Work is about to start on the £3 million refurbishment of the battered riverside park at Potters Fields.
With the growing popularity of the SE1 riverside as tourist destination and the recent More London development to the west of the park, visitor numbers have expanded rapidly and are now estimated to be in excess of one million annually.
Crowds gather in Potters Fields during David Blaine's endurance stunt in Summer 2003
The works to the park have essentially already started as the widening of the river path will be completed before the main works start on 24 April.
While the extensive renovations are taking place the park area will be closed to the public. It is anticipated that the principal elements of the park will be completed in December 2006 but to allow for the optimum planting season for the gardens and a bedding-in period for the lawns to establish themselves, the park will reopen at Easter 2007.
The £3 million project to renovate the park will be funded and managed by the Pool of London Partnership, More London and Southwark Council. The new park has been designed by Gross Max landscape architects.
On completion of the works, the management of the park will transfer from Southwark Council to the Potters Fields Park Management Trust on a 25-year lease. The Trust is a new not-for-profit organisation comprising of representatives from the local community, Southwark Council, PLP, More London and the GLA.
"The lease enables us to ring fence funds generated through the park to provide a long-term, high-quality and dedicated maintenance and management service that such a unique local and simultaneously international location demands," said Alan Chapman, Chair of the Tower Bridge and Tooley Street Community Association, speaking on behalf of the Trust.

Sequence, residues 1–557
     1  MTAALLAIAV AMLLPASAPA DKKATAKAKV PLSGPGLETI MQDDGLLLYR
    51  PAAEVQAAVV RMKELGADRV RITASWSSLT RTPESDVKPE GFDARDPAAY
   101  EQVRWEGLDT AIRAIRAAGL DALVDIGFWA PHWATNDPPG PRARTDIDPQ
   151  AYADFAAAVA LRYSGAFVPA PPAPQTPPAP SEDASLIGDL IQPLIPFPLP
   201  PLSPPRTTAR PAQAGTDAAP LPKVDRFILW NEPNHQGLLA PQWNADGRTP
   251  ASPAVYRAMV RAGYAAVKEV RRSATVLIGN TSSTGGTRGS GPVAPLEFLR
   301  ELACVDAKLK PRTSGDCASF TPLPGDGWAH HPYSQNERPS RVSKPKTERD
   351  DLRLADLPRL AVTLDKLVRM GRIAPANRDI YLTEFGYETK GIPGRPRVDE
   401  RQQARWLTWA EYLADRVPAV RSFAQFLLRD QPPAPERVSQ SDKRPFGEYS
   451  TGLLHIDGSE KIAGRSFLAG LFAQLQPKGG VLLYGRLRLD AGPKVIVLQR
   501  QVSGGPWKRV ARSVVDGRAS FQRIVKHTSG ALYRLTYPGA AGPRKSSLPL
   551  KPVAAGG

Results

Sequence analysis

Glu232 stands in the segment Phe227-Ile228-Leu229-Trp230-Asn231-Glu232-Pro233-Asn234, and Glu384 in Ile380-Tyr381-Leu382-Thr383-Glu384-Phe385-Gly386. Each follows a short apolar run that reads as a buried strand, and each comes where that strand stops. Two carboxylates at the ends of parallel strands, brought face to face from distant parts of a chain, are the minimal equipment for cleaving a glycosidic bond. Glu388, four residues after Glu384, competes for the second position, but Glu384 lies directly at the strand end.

A twenty-metre seat inlayed with English Delftware patterns – drawing on the site's historic links with the pottery business – will provide new seating.
Closer to Tooley Street, a tranquil area will be established with seasonal herbaceous planting by world famous plantsman Piet Oudolf to provide year-round interest. This section of the park was particularly important to local residents looking for a private contemplative space.
Blossom Square is the name given to a new riverside space planted with blossoming cherry trees. The existing food and refreshment outlets will be replaced by a smart purpose-built facility with outdoor seating.
The Bowl is a sunken lawned area sheltered by trees, ideal for parents with young children. A new kiosk nearby will provide additional public conveniences for the area.
The park will also gain new entrance gates; a new cast iron decorative screen alluding to the park's pottery history will be installed on the Tooley Street side of the park.